If you have a passion for innovation and technology and you’d like to use your skills to help others, a career in health care information technology could be a great fit for you – and UPMC could be the right place to put your skills to work.

The Information Technology Rotational (ITR) Program, a two-year program with four six-month rotations in different departments, allows recent graduates to explore their interests, network with leadership, and work on ground-breaking projects that help change lives of UPMC patients.

We asked one of our current ITR participants to shed some light on one of the big projects she contributed to this year. Follow along for a peek into Lauren’s week!

Meet Lauren

My name is Lauren, and I’m a part of UPMC’s Information Technology Rotational Program. I am currently working in the Enterprise Development Services group, which deals with many of our hospital applications and was very involved with the integration of the Susquehanna Health Network hospital system into UPMC (now UPMC Susquehanna). The Susquehanna integration was the largest integration in UPMC history at that time and included multiple hospitals throughout north-central Pennsylvania. I assisted with the go-live of the integration for two weeks and worked in the common center that oversaw the entire go-live. 

Read on for a snapshot of my trip to Williamsport, PA, to help UPMC Susquehanna become the newest addition to UPMC!

Thursday – Arrival Day: Susquehanna or Bust!

Right after our ITR monthly meeting, I hit the road to set out for UPMC Susquehanna in Williamsport. After a four-hour drive, I arrived in the “Little League Capital of the World” around 10:30 p.m., unpacked, and prepared for the coming days.

Friday – Visiting Lock Haven

I got to the main command center, UPMC Susquehanna Williamsport, and was very impressed with how beautiful the hospital campus is. I even ran into my old team from my last rotation! It was really comforting to see so many familiar faces in this new space. From there, I made the scenic drive to UPMC Susquehanna Lock Haven to set up for tomorrow’s go-live. While setting up, I was able to meet and talk to several Lock Haven employees, which was a great opportunity to interact with new members of our UPMC family.

Saturday, Sunday, Monday – The Start of the Go-Live

The weekend that so many folks have prepared and planned for was finally here! I entered the command center, which was a conference room where several Information Technology teams were grouped together. One of the most fascinating dynamics of the go-live for me was working arm-in-arm with peers, managers, and leaders throughout our organization toward one common goal: bringing five hospitals into the UPMC way. The open communication and friendly spirit among all employees I encountered speaks to the way we all live the UPMC Values. The open communication and friendly spirit among all employees I encountered speaks to the way we all live the UPMC Values.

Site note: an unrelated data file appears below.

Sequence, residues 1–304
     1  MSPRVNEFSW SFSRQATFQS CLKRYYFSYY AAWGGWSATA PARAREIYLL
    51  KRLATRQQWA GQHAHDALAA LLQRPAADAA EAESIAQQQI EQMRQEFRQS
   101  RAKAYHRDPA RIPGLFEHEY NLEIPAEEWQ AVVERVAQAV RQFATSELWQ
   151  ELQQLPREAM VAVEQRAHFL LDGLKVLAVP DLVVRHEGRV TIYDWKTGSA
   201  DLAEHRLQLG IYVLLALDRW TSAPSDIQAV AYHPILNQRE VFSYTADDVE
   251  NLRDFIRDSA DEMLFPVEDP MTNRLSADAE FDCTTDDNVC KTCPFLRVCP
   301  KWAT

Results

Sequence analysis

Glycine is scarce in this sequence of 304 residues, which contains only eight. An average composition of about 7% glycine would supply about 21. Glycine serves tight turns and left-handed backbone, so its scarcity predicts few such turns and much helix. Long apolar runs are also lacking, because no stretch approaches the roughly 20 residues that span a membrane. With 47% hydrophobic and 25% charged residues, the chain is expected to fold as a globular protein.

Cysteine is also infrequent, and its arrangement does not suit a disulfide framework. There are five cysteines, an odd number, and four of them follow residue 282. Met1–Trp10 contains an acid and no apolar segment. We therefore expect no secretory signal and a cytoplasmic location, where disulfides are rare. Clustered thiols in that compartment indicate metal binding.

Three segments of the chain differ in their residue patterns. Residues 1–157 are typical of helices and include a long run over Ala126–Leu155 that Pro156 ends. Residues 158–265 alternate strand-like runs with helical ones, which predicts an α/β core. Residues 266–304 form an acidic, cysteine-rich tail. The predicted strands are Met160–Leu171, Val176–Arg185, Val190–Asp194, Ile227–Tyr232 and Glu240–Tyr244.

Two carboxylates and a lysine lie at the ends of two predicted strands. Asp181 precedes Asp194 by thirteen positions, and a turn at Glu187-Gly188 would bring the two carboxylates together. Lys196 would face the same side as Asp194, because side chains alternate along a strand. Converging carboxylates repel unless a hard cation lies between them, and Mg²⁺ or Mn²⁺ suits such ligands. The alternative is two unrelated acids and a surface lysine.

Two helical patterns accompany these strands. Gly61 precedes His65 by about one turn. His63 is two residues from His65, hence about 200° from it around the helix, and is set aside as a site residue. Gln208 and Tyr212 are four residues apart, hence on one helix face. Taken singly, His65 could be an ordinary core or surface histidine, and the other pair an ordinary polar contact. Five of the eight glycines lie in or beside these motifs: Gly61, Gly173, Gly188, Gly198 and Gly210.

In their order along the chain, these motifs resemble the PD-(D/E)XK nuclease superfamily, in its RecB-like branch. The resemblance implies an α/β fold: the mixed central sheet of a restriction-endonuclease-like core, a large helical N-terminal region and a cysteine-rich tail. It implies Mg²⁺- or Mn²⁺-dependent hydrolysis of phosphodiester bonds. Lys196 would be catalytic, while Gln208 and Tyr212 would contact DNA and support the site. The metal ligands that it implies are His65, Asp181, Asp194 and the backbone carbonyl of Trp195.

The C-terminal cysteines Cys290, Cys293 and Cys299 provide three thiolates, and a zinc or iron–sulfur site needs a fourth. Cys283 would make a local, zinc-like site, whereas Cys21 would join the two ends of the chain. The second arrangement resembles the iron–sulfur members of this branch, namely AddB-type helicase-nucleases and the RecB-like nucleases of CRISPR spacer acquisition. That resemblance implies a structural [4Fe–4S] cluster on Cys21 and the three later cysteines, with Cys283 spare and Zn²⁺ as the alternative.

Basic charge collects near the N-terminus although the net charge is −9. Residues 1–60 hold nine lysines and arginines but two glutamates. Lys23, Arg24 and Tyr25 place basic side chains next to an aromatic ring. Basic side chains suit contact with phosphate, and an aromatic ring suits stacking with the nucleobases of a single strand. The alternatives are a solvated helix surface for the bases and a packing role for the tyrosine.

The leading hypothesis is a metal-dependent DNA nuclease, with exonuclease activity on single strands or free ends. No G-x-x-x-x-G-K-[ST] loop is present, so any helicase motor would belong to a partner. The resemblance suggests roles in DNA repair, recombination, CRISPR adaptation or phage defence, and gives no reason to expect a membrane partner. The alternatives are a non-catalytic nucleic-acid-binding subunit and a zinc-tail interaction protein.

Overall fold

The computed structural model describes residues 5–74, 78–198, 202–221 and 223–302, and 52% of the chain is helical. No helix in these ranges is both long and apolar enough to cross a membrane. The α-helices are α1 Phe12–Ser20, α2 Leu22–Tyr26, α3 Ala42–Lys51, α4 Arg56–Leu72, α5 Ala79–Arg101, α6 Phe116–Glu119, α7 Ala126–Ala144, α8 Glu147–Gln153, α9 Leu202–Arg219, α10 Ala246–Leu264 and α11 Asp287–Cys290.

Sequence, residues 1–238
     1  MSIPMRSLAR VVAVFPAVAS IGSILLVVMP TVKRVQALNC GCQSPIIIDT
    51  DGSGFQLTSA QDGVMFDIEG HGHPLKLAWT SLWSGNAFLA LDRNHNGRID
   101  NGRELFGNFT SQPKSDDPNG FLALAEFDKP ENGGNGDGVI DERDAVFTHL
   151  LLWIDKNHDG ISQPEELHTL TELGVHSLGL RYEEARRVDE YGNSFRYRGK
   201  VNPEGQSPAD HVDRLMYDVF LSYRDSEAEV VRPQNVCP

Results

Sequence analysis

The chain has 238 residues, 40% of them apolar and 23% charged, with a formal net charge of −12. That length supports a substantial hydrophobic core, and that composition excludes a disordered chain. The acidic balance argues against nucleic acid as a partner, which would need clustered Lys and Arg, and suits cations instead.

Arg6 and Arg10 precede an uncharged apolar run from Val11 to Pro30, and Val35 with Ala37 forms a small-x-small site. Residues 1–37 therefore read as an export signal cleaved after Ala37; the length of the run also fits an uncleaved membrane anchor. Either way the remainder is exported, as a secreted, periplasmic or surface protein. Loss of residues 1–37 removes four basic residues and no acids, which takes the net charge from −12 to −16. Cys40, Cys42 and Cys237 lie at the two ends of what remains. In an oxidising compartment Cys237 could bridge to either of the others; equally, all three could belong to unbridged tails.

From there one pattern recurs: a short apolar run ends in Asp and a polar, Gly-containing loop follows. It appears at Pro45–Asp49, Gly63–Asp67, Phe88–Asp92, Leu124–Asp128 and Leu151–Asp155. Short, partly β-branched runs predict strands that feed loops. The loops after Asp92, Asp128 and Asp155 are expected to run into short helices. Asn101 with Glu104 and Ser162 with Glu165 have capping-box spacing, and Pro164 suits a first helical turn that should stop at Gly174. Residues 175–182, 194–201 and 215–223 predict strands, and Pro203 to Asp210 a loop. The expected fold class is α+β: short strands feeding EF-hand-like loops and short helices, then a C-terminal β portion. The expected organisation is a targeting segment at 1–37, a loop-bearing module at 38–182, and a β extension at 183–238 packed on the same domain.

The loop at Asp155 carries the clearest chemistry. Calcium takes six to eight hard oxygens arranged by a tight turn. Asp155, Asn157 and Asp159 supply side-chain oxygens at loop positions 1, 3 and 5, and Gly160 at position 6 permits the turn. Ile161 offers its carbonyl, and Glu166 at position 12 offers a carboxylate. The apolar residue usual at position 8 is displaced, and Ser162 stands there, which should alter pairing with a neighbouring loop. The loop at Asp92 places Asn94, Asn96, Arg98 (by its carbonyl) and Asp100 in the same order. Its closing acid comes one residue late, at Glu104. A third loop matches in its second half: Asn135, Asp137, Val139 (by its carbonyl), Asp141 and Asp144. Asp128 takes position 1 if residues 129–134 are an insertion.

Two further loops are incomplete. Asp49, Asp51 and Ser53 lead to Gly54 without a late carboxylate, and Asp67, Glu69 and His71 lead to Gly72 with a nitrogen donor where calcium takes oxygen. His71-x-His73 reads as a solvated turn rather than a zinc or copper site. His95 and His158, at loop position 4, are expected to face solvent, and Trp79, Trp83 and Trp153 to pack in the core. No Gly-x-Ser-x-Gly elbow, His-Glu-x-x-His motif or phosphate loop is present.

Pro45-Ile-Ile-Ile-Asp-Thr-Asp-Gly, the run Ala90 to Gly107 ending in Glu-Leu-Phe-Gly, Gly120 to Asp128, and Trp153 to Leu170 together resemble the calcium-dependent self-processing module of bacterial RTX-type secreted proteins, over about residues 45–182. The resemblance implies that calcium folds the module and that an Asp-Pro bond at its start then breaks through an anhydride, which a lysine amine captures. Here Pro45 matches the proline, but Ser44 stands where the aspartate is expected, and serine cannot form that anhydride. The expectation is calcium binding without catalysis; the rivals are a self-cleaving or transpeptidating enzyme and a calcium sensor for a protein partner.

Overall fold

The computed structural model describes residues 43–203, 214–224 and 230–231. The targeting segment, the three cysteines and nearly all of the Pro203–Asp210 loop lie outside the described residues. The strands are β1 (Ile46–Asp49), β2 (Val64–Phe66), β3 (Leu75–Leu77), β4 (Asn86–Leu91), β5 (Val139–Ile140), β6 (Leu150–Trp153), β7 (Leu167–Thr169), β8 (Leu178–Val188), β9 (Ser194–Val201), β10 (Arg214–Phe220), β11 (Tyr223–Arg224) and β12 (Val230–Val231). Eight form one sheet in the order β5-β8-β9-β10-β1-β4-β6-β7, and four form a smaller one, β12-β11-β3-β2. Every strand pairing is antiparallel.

The Williamsport command center was the epicenter of the go-live. As the assistant to the manager on duty (MOD), I sat at the manager on duty (MOD) table with the MOD, UPMC leadership, and the communications coordinator.

My job was to help the MOD review the tickets coming through Cherwell, our IT service portal, schedule last-minute meetings, and help wherever help was needed. Some other tasks I worked on throughout the week included optimizing the rounder check-in process, investigating issues, and documenting key feedback throughout the go-live.

As a MOD assistant, my role can be a mixed bag of whatever comes up that hour. At the end of that Monday, I was asked by leadership to take on a different role the following day: to be the MOD in the operating room (OR). I was so excited to not only be trusted with this responsibility but to step out of the IT realm and experience the clinical care UPMC provides.

Tuesday – Manager on Duty in the Operating Room

A new day and a new role! I started my day as MOD of the OR by meeting the SurgiNet (perioperative documentation software) team and answering phone calls from clinical staff in the OR command center. Then, I donned my scrubs and shadowed a nurse to witness real-time patient care.

Behind every information technology issue that my team addresses, there is a patient in need of care.
While the nurse I was shadowing walked another nurse through our electronic documentation process, I watched as a team of UPMC staff from various hospitals prepped a patient for surgery. Medical staff from all the hospitals worked seamlessly as a team. The way they comforted the patient and talked them through the procedure was so moving. It truly put into focus why we all traveled from across the state to support this go-live. Behind every information technology issue that my team addresses, there is a patient in need of care.

Wednesday – A Day Off

Today I’m taking a day off from the exhilarating go-live and writing this blog post on my ITR experience. Williamsport has lots of great spots to relax, so I stopped in this little coffee shop. It has the perfect setting (and espresso!) to get work done and to prepare for another day of go-live tomorrow. More ITRs will be joining us from Pittsburgh tonight to support the go-live. I’m looking forward to catching up with them!

Thanks for following along for my first go-live at UPMC Susquehanna! Do you think the Information Technology Rotational Program could be a good fit for you or a student you know? Click the button below to learn more and get your start in a life-changing career with UPMC.

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